5:12 PM  
Blogger Kate said...

Hi Julie,
I am new to your blog (was actually interested in yours after reading about you on Jennifer Weiner's blog) and just wanted to comment on your angst about childbearing.
I am 33 and still single, but nevertheless harrassed by all of my married and child-ful friends to want to have children. I don't know if you want children or not, but I certainly don't (please, before anyone harangues me, I love kids but don't want my own), and no one seems to understand.
I love the comment about it being "a biological imperative." Just wanted to say so.

11:10 AM  
Blogger David Hinske said...

Hey Julie - It's been a while, just checking in. Sounds like things are going well for you. My lovely and talented bride are moving permanently from Memphis to Taos by year end. Holler at me if you two want to come out - the guesthouse is available.

12:49 PM  
Blogger tina said...

Glad the no-neck monster didn't get you, I was wondering about that. Much better to be wooed by Cheetos, as well as understandable. Smushy or crunchy---- now that is the question that separates the women from the girls!!!!

2:05 PM  
Blogger Fuhrig said...

Regarding your late April review of the Twinkie book in the Washington Post:

If you really don't understand the relationship between Roundup herbicide and Roundup Ready soybeans, then you're grossly unqualified to review such a book. The book itself sounds kind of silly, but your lack of understand about where food comes from is what disturbs me. I've heard so many Birkenstock hippie wannabes blather about Roundup Ready technology, it's sickening. Let me educate you and anybody ready this.

Roundup is a broad spectrum herbicide. It kills pretty much anything green. Unlike other herbicides designed to be applied to kill a specific category of weeds (ie, broadleaves) it doesn't linger in the soil. It kills anything green and within literally a few days it bonds with clay molecules in the soil, which break it down chemically into innocuous components. Oh, gosh, it kills everything green! That sounds horrible. It must be an environmental holocaust! No, actually Roundup has done more for the environment than anything I can think of in the last 15 years. Roundup Ready "technology" is simply a plant gene that conveys 100 percent immunity to Roundup herbicide. By far its most effective and successful use has been in soybeans. Now, a farmer can plant his soybeans and spray roundup on the field several weeks later when the crop has sprouted several inches. The Roundup herbicide drips off the soybeans like water but kills all the competing weeds, which would otherwise compete for sunlight, water and nutrients and later gum up harvesting equipment and contaminate the crop with weed seeds. Usually that's the only application needed, but at most a farmer will make one more Roundup application if weeds are especially bad. As a result, no lingering herbicides are used, eliminating herbicide runoff. You also eliminate several extra passes per season that would be needed if traditional herbicides are used, and you eliminate so-called tilling, which for you East Coast urban foodies means running the farm tractor equivalent of a garden hoe through the field. This can be used to some extent instead of herbicide, but requires numerous passes during the growing season. Roundup has sharply reduced the energy input for soybeans, saving farmers lots of money on fuel and reducing carbon output (insert climate-change sermon here). Further, by driving the tractor over a field twice a season -- once to plant, usually only once to apply Roundup on Roundup Read soybeans -- the problem of soil compaction is sharply reduced. This has had a dramatic effect on soil erosion in American agriculture, because water runs off slower from less compacted soil. Reducing erosion has with it further reduced contamination of surface waters with nitrogen or other nutrients, either from fertilizer or naturally occurring, from pesticides, and from plain old stream-choking silt.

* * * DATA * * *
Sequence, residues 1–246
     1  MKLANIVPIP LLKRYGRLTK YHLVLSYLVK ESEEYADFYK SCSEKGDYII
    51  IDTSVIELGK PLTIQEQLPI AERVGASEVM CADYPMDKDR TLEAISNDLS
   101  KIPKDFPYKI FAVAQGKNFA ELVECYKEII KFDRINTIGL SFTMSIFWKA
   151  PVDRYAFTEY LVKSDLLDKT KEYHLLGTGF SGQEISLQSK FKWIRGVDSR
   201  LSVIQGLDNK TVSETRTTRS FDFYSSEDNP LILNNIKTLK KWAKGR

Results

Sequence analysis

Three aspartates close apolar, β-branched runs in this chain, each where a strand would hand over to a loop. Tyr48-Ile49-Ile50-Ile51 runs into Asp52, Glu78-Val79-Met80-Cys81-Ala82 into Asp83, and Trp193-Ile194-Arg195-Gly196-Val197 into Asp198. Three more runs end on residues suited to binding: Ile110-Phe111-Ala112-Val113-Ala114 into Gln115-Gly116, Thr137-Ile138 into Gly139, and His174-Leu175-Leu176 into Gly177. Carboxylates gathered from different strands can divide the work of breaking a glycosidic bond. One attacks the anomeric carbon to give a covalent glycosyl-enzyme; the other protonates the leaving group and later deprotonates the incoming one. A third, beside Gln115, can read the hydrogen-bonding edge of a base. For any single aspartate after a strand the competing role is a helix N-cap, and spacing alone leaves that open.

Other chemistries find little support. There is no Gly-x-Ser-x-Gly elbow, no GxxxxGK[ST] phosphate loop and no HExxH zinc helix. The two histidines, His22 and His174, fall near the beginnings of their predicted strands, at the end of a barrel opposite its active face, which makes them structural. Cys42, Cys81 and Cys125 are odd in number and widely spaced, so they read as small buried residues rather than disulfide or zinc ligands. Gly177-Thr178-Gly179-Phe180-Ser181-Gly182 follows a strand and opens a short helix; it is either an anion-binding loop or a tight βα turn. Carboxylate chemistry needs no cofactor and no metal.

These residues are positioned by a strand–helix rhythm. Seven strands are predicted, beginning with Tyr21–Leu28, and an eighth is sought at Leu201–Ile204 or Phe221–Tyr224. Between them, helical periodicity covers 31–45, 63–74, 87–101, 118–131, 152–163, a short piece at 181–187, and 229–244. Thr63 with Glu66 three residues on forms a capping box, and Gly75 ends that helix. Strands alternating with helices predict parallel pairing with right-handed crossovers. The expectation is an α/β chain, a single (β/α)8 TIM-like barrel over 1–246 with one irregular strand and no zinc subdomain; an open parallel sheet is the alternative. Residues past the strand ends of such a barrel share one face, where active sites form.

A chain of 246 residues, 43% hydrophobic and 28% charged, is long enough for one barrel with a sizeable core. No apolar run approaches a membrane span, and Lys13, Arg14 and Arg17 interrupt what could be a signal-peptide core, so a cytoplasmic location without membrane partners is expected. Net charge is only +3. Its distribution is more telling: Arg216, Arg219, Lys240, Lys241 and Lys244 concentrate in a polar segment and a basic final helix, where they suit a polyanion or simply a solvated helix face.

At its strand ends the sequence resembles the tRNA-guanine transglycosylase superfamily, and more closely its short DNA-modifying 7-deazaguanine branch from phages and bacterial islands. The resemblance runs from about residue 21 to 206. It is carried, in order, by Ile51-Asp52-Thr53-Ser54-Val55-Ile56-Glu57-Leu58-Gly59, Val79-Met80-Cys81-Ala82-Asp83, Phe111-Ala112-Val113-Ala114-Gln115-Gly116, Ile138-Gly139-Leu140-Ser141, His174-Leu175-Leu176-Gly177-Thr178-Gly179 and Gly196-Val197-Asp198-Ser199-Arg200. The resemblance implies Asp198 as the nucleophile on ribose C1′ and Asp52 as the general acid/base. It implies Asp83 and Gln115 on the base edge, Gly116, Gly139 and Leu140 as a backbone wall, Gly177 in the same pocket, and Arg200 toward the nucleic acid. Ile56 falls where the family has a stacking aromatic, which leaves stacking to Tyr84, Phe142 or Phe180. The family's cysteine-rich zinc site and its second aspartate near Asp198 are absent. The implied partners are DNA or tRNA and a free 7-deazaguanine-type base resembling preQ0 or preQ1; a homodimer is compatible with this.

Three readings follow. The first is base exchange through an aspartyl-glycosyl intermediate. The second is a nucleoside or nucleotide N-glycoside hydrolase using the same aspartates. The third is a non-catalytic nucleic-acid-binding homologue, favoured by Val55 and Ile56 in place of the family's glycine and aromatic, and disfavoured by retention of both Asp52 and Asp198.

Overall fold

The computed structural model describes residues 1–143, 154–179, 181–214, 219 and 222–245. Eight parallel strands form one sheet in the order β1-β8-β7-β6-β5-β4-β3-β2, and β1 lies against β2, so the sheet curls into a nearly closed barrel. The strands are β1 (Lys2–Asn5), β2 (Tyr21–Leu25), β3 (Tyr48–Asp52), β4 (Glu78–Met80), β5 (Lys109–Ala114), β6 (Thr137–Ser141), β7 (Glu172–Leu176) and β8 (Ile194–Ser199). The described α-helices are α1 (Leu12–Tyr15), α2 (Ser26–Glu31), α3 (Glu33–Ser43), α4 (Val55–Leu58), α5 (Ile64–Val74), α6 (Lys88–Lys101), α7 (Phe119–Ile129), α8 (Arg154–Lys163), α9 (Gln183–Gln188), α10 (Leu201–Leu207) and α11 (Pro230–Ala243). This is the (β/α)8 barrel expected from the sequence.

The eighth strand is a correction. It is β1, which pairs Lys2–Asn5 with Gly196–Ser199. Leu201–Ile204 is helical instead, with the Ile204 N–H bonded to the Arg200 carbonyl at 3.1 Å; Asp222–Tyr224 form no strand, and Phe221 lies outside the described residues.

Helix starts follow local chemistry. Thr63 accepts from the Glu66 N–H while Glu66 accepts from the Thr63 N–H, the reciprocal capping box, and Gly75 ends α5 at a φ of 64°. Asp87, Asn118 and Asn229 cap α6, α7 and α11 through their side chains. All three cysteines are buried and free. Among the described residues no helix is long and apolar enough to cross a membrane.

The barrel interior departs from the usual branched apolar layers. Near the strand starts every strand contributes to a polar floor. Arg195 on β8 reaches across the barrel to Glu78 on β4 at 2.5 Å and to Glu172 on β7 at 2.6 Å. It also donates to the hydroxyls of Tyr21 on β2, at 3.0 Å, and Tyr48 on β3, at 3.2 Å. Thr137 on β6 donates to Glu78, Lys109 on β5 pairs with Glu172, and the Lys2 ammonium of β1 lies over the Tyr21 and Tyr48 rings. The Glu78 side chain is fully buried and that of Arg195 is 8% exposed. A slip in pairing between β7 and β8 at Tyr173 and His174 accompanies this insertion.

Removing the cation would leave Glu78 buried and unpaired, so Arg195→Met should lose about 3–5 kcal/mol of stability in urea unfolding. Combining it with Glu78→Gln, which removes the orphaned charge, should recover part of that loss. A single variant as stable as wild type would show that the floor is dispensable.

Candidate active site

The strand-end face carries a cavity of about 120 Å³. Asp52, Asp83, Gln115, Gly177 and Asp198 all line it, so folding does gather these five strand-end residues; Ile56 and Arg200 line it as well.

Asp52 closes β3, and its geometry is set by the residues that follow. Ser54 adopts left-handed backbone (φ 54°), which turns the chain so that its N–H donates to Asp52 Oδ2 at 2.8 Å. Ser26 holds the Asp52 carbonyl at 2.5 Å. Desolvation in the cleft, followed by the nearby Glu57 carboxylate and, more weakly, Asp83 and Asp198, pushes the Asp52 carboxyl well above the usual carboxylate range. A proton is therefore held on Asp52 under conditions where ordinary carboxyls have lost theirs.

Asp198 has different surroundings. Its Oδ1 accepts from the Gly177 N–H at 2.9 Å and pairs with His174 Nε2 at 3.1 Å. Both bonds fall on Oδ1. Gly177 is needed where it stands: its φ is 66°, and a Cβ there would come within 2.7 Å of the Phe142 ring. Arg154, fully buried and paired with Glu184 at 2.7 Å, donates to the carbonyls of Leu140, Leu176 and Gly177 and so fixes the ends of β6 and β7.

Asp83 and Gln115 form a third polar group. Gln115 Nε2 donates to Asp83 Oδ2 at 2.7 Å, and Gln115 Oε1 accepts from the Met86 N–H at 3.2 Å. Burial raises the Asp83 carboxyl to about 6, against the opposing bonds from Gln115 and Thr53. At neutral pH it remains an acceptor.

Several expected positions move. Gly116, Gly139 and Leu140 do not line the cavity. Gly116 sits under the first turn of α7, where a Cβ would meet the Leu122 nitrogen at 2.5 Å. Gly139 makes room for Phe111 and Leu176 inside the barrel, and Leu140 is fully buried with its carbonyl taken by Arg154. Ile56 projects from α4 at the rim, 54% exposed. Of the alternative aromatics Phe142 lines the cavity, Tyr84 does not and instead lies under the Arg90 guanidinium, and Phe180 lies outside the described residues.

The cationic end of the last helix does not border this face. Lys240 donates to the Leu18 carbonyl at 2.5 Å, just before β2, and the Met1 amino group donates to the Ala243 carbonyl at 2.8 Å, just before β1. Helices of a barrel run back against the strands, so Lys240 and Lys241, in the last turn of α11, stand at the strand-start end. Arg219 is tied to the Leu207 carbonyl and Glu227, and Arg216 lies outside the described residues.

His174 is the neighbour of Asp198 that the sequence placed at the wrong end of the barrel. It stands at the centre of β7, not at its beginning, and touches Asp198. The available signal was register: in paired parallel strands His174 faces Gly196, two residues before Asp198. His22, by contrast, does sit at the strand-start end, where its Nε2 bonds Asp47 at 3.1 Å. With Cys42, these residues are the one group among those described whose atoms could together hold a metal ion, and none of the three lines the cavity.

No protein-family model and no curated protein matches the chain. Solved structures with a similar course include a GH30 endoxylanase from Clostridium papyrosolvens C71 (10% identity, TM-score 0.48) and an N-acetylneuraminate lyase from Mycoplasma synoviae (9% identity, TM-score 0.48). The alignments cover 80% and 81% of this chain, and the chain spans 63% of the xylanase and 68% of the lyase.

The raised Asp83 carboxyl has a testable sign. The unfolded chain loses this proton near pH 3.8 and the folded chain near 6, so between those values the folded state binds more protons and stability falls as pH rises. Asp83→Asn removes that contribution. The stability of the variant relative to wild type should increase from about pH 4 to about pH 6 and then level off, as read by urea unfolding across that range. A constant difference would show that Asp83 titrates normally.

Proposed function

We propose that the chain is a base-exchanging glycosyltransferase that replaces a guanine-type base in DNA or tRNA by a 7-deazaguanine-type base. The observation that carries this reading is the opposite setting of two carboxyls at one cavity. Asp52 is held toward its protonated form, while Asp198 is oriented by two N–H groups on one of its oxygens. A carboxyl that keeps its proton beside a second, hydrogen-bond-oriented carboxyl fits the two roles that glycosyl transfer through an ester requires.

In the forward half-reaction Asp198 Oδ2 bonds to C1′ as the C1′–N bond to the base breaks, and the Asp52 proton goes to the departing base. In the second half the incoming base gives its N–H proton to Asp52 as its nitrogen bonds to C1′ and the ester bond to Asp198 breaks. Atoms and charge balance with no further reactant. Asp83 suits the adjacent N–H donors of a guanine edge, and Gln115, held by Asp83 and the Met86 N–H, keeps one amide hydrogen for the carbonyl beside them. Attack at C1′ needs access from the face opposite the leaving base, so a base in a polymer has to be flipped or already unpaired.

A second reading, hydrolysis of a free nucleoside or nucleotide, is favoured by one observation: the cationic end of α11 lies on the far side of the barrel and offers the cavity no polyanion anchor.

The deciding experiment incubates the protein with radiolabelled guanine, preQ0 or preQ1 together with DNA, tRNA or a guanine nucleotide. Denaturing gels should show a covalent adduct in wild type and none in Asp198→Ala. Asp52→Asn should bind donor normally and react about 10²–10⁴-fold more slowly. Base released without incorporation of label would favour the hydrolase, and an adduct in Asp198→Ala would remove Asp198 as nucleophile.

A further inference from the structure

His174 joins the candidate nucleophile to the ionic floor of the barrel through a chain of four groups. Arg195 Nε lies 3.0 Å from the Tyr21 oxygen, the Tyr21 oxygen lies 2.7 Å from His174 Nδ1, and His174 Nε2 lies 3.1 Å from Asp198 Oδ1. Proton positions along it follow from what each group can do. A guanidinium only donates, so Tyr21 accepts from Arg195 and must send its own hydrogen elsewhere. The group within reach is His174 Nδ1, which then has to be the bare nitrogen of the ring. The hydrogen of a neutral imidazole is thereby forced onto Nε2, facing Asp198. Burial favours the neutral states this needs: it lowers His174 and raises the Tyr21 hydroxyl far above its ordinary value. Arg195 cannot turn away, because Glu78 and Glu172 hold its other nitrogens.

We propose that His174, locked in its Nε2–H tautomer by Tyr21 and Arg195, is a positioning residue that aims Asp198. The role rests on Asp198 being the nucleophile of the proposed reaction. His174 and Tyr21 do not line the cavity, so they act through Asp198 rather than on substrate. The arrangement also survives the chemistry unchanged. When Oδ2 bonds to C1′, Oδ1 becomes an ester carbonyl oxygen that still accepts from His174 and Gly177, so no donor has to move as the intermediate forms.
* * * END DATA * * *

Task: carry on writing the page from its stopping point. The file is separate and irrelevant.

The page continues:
Hooray for genetic engineering and Roundup Ready "technology." Boo for ignorant people who think their food comes from Ma and Pa Kettle.

1:14 AM  
Blogger Julie Powell said...

Thanks for the informative comment. I will say very little in my own defense except these small points:

1) I would never argue that Roundup has not made farming more efficient and possibly even safer, in some respects, environmentally. I simply think that something made on such a massive scale by such a gargantuan corporation with so little oversight ought to at least be examined. The Twinkie book never has the least ambition to do anything other that echo the corporate party line on all these products, which is unnerving for a supposedly investigative book.

2) An unfortunate edit of the review cut my comparison of the book to Michael Pollan's "Omnivore's Dilemma." The supposition that Monsanto is evil is actually his, not mine. Though I will say I'm sympathetic to that view. (There's a line in the review about difference of opinions that now doesn't make much sense, since they cut out the Pollan references.)

All that said, you're absolutely right, I'm no expert on industrial agriculture.

5:33 AM  
Blogger Unknown said...

WOW! fuhrig is a really angry person.

7:48 AM  
Blogger Donny B said...

Hi Julie,

i love your book and am eagerly awaiting the next one...?

Also, I'm a huge fan of Elizabeth Gilbert after reading Eat, Pray, Love and am curious: how did she give you your career?

7:22 PM